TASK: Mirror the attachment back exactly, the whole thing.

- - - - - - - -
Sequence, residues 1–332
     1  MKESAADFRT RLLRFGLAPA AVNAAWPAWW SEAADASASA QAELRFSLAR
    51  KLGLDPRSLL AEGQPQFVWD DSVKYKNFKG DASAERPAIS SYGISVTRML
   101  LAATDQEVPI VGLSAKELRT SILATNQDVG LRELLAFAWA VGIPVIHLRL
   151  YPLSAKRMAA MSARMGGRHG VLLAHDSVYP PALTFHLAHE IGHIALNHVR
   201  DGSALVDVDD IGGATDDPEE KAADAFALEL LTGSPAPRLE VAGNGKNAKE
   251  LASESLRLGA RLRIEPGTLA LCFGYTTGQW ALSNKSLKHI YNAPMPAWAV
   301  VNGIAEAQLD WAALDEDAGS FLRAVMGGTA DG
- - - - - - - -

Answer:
Sequence, residues 1–332
     1  MKESAADFRT RLLRFGLAPA AVNAAWPAWW SEAADASASA QAELRFSLAR
    51  KLGLDPRSLL AEGQPQFVWD DSVKYKNFKG DASAERPAIS SYGISVTRML
   101  LAATDQEVPI VGLSAKELRT SILATNQDVG LRELLAFAWA VGIPVIHLRL
   151  YPLSAKRMAA MSARMGGRHG VLLAHDSVYP PALTFHLAHE IGHIALNHVR
   201  DGSALVDVDD IGGATDDPEE KAADAFALEL LTGSPAPRLE VAGNGKNAKE
   251  LASESLRLGA RLRIEPGTLA LCFGYTTGQW ALSNKSLKHI YNAPMPAWAV
   301  VNGIAEAQLD WAALDEDAGS FLRAVMGGTA DG